Exogenous attention enhances 2nd-order contrast sensitivity

Antoine Barbot, Michael S. Landy, Marisa Carrasco

Research output: Contribution to journalArticlepeer-review


Natural scenes contain a rich variety of contours that the visual system extracts to segregate the retinal image into perceptually coherent regions. Covert spatial attention helps extract contours by enhancing contrast sensitivity for 1st-order, luminance-defined patterns at attended locations, while reducing sensitivity at unattended locations, relative to neutral attention allocation. However, humans are also sensitive to 2nd-order patterns such as spatial variations of texture, which are predominant in natural scenes and cannot be detected by linear mechanisms. We assess whether and how exogenous attention-the involuntary and transient capture of spatial attention-affects the contrast sensitivity of channels sensitive to 2nd-order, texture-defined patterns. Using 2nd-order, texture-defined stimuli, we demonstrate that exogenous attention increases 2nd-order contrast sensitivity at the attended location, while decreasing it at unattended locations, relative to a neutral condition. By manipulating both 1st- and 2nd-order spatial frequency, we find that the effects of attention depend both on 2nd-order spatial frequency of the stimulus and the observer's 2nd-order spatial resolution at the target location. At parafoveal locations, attention enhances 2nd-order contrast sensitivity to high, but not to low 2nd-order spatial frequencies; at peripheral locations attention also enhances sensitivity to low 2nd-order spatial frequencies. Control experiments rule out the possibility that these effects might be due to an increase in contrast sensitivity at the 1st-order stage of visual processing. Thus, exogenous attention affects 2nd-order contrast sensitivity at both attended and unattended locations.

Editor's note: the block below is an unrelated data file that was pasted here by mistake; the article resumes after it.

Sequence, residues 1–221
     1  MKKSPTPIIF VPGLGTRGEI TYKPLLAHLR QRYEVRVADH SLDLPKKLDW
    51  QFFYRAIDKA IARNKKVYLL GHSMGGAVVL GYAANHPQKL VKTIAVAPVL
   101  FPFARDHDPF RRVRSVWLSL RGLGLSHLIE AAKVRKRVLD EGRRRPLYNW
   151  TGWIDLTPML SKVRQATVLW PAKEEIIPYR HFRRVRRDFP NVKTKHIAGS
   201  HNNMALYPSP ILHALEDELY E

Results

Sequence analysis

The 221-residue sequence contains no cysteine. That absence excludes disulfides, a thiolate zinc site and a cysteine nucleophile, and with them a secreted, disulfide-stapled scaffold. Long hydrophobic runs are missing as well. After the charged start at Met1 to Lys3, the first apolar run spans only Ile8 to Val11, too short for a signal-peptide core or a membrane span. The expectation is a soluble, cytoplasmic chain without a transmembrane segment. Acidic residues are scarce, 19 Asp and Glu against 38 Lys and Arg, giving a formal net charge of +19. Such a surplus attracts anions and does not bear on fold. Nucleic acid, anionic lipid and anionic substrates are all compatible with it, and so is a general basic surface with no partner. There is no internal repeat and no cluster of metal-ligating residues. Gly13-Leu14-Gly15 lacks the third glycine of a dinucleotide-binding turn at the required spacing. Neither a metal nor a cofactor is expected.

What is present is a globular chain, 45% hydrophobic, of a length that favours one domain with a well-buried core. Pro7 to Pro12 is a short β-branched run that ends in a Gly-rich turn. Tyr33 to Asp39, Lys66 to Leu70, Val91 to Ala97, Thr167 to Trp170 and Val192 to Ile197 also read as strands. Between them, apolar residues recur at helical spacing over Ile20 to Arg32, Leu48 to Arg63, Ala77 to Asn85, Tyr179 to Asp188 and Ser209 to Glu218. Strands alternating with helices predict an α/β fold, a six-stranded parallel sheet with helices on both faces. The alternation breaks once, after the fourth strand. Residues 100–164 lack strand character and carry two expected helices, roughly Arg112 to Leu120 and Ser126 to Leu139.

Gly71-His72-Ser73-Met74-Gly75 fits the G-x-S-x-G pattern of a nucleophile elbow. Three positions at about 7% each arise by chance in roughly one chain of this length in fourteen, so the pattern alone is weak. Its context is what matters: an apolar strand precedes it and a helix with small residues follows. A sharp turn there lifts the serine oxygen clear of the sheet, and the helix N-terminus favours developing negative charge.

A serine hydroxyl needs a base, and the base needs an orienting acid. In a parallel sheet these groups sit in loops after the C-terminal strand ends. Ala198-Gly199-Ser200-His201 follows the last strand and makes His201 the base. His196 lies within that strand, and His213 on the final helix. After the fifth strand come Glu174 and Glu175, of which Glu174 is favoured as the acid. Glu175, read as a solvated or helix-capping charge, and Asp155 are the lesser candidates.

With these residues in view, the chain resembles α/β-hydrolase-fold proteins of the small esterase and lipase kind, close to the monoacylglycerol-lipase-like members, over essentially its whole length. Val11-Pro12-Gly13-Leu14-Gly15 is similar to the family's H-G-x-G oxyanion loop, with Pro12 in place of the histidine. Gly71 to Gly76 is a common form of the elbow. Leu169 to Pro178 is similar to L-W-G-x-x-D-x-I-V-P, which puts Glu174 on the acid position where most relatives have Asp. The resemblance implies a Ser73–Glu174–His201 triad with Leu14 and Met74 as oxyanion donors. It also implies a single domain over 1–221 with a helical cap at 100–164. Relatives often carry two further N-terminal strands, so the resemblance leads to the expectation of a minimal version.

Original languageEnglish (US)
Pages (from-to)1086-1098
Number of pages13
JournalVision research
Issue number9
StatePublished - May 11 2011


  • Attention
  • Contrast sensitivity
  • Second-order processing
  • Texture

ASJC Scopus subject areas

  • Ophthalmology
  • Sensory Systems


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